College Baseball 360 Fall Notebook #2

September 13, 2010
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By College Baseball 360 Editor Sean Stires

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Are the leaves falling where you are yet? If you’re in the south or on the west coast it’s probably a moot point. They’re not falling where I am, but they are starting to turn colors a bit. It’s nice college football weather, but college baseball teams are beginning their official fall workouts as well. Now, some notes and thoughts from the past week…

Frankie Ratcliff

  • Some crazy news out of Coral Gables involving a college baseball player. According to the Miami Herald, Miami sophomore Frank Ratcliff was arrested after trying to sell marijuana to an undercover police detective. The 19-year old was detained after allegedly negotiating the sale of 21 grams of pot to an undercover officer. Police then allegedly found 101 more grams of marijuana and 19 vials of HGH in Ratcliff’s apartment. The University of Miami says Ratcliff has been indefinitely suspended. He hit .276 with six home runs, 29 RBIs and 13 stolen bases with 52 starts as a freshman for Miami’s 2010 Super Regional team.
  • TCU hasn’t released its 2011 baseball schedule yet, but the Horned Frogs did show up on a couple schedules that were released last week. Jim Schlossnagle’s Horned Frogs will open the season by hosting Kansas Feb. 18-20, and they will also host Houston March 25-27. Click Here for the full Houston schedule or Click Here for the full Kansas 2011 slate. Kansas plays another College World Series team, Arizona State, in March. Houston has a premiere non-conference home series with Ole Miss set for Feb. 25-27.
  • Arizona released its 2011 schedule last week as well. Rice and New Mexico are among the most interesting non-conference visitors to Tucson next season. The Wildcats also have non-league road series at Long Beach State and Wichita State.
  • We released our first Two-Sport Report of the fall last week. Guys like Heisman runner-up and Biletnikoff Award winner Golden Tate were the most notable players on the report last year. Clemson’s Kyle Parker is on the list again this year, but several other less high profile college baseball players who play other sports are on the lengthy list as well. For instance, Princeton’s Stephen Harrington. In addition to splitting time in the outfield and at first base on the diamond, Harrington also plays squash… yes, squash at Princeton.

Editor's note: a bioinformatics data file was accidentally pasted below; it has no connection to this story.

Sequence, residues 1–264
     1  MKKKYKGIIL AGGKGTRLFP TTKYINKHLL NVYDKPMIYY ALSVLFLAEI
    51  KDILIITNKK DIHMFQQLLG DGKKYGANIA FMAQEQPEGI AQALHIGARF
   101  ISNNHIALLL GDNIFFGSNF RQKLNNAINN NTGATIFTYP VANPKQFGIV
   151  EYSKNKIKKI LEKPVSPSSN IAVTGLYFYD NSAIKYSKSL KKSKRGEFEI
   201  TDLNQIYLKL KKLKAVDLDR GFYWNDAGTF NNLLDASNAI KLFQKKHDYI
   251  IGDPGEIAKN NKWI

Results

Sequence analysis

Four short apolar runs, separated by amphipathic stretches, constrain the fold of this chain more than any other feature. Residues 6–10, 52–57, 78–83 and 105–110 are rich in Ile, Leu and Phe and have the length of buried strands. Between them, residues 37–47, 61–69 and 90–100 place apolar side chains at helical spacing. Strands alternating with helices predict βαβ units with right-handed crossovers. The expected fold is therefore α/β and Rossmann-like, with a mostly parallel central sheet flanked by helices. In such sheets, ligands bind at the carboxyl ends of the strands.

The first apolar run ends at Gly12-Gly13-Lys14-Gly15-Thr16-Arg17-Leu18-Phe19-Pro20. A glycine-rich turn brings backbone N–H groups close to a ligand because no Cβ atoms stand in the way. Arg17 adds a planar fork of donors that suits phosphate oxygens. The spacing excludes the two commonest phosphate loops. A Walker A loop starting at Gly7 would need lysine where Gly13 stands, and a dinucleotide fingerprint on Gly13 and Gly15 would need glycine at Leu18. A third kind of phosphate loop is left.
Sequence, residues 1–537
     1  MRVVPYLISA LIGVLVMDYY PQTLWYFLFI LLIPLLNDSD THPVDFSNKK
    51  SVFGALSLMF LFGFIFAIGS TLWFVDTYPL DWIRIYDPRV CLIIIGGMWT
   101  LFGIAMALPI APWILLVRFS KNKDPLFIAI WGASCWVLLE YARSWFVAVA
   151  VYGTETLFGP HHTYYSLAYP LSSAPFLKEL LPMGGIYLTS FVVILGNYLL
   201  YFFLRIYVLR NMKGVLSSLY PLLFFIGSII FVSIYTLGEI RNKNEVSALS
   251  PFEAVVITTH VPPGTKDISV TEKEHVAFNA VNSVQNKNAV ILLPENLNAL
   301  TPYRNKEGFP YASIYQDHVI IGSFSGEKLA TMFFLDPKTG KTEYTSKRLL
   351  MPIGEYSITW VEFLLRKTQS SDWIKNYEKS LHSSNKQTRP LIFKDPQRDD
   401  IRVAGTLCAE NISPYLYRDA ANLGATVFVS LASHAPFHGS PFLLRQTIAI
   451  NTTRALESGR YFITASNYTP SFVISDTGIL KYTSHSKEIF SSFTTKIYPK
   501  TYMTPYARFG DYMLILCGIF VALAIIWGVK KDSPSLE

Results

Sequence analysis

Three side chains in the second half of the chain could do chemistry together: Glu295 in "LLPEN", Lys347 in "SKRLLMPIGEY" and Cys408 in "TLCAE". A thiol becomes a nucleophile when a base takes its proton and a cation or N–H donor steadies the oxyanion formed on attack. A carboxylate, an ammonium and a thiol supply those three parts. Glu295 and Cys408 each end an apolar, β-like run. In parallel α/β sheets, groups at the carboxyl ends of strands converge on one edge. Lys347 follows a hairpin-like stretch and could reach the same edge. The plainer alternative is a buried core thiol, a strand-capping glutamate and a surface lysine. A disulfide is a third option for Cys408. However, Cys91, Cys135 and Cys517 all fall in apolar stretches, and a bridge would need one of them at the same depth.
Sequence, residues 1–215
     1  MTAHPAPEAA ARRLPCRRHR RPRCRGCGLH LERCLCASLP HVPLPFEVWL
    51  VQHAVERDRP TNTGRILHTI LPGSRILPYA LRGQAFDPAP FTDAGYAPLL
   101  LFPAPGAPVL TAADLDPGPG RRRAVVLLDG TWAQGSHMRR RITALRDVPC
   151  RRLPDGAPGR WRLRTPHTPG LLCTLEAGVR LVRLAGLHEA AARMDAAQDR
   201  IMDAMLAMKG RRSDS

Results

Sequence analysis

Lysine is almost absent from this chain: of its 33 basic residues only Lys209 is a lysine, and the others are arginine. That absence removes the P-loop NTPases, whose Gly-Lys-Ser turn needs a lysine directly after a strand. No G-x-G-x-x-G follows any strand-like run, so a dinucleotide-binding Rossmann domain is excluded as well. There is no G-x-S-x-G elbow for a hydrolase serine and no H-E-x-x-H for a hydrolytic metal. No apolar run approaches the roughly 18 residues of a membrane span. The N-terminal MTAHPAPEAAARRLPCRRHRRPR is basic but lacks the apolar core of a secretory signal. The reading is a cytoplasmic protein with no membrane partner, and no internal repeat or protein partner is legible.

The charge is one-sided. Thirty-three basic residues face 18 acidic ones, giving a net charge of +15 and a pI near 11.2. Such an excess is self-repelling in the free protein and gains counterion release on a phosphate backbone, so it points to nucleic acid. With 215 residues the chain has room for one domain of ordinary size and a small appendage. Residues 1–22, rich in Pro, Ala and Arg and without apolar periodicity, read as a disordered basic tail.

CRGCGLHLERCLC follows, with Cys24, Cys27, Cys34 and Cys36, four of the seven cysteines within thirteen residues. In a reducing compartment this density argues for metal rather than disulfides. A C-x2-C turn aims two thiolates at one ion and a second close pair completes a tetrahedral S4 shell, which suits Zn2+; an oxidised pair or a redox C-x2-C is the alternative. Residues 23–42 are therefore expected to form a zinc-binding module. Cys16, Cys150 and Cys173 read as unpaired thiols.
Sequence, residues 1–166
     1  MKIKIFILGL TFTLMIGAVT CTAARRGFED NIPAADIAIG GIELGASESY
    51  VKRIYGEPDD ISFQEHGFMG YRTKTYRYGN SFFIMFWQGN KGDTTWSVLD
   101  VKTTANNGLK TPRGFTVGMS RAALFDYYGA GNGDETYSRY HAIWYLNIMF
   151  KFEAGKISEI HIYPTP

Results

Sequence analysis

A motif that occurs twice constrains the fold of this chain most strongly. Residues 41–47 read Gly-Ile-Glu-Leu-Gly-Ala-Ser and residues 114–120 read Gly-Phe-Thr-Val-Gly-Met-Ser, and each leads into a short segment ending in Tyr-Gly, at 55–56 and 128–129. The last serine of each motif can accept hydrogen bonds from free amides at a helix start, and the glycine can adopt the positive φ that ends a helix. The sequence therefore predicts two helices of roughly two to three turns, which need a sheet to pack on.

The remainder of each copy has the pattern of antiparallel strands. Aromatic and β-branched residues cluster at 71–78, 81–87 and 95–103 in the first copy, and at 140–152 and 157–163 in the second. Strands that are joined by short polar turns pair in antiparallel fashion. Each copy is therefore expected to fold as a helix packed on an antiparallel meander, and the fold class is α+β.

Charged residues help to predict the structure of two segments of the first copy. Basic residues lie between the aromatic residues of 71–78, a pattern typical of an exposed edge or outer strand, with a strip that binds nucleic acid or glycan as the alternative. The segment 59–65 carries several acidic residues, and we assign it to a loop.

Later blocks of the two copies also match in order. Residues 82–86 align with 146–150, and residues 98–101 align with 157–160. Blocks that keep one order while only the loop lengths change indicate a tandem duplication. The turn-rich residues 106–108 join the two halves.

Coty Blanchard

  • Another two sport athlete made a big debut during college football’s opening weekend. Freshman quarterback/shortstop Coty Blanchard was named the Ohio Valley Conference’s co-Offensive Player of the Week for his efforts in helping Jacksonville State to a season-opening 49-48 2 OT win over Ole Miss on Sept. 4. Blanchard was drafted by the Baltimore Orioles in the June MLB Draft and will also play baseball for the Gamecocks.
  • New Notre Dame baseball coach Mik Aoki seems to be making a big early impression. Aoki’s Irish had their first practice of the fall last week, and the three hour workout is one his team won’t soon forget. Senior catcher Matt Scioscia (son of Angels’ manager Mike Scioscia) told me it was the toughest on-field workout he’s been through since he’s been at Notre Dame.
  • Rice released its 2011 schedule a day after Houston’s was released, and the Owls will see plenty of Pac 10 competition this year. They open the season by hosting Stanford at Reckling Park and then host USC the following weekend. Rice heads to Arizona March 1 and 2 for a pair of games, and then travels to San Francisco 10 days later for a tournament hosted by Cal. That’s at least nine games against the Pac 10.
  • I am often asked about how high school players can get noticed by college baseball teams. This is actually one of the best times of year for high school baseball players to do just that by attending fall baseball camps. I’m not going to recommend one camp over another, but they will soon be going on at most colleges around the country, so they’re fairly easy to find. What sets the fall camps apart from summer camps is enrollment numbers tend to be lighter than summer camps, so it’s easier to get a little face time with college coaches. Players can also typically get a written evaluation at the end of a fall camp, so can see their strengths and weaknesses through the eyes of a college coach. Fall camps are pretty much for high school players only for this very reason.

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